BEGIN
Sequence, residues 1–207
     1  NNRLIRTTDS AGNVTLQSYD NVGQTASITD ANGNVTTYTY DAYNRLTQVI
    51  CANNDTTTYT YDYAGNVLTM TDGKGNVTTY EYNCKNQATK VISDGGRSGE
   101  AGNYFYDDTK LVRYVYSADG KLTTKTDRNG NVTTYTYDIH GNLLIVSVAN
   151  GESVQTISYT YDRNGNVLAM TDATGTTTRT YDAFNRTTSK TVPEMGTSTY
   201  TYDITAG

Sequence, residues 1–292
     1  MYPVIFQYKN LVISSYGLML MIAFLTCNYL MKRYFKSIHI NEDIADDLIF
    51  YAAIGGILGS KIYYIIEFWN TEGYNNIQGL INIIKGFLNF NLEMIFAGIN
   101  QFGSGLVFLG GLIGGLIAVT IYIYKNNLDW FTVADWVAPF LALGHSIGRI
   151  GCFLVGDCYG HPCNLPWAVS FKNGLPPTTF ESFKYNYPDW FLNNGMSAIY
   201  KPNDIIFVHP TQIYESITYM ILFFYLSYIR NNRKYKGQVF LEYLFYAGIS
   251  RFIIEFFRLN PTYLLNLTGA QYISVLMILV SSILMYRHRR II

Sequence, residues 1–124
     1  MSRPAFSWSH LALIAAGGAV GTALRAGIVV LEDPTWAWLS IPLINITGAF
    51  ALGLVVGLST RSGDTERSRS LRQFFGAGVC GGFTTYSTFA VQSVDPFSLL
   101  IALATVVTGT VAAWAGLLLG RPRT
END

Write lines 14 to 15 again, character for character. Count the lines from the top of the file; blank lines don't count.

Sequence, residues 1–124
     1  MSRPAFSWSH LALIAAGGAV GTALRAGIVV LEDPTWAWLS IPLINITGAF